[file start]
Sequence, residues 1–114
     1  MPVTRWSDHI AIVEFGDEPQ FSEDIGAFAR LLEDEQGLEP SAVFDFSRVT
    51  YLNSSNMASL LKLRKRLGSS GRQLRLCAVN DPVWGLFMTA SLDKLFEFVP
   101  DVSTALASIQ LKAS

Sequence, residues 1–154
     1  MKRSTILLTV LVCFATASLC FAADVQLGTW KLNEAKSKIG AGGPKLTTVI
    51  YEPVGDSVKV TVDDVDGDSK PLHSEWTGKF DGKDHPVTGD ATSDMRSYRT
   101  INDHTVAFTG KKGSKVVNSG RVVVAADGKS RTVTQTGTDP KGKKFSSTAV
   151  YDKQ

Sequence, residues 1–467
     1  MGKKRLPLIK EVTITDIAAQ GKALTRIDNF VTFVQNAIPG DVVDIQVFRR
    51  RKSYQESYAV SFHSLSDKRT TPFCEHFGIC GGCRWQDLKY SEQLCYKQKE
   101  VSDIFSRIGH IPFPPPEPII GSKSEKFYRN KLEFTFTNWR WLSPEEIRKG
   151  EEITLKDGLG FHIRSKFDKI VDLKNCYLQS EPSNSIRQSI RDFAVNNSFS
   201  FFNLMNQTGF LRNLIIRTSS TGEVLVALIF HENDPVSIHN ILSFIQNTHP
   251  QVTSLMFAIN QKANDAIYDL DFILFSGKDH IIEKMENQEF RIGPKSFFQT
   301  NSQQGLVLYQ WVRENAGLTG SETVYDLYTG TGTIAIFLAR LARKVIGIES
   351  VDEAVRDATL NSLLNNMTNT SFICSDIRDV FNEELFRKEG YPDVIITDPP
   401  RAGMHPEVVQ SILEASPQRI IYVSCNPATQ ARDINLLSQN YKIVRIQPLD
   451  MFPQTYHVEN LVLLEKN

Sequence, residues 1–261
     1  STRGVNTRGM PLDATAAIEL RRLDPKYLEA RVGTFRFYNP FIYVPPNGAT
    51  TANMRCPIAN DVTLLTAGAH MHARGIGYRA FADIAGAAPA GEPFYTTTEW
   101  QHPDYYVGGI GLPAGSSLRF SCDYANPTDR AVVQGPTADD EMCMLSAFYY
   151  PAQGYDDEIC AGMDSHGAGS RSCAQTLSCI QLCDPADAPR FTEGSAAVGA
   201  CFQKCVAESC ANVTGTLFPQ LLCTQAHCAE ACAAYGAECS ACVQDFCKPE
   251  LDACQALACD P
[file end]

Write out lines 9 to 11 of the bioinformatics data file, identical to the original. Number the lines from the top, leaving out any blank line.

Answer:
   151  YDKQ

Sequence, residues 1–467
     1  MGKKRLPLIK EVTITDIAAQ GKALTRIDNF VTFVQNAIPG DVVDIQVFRR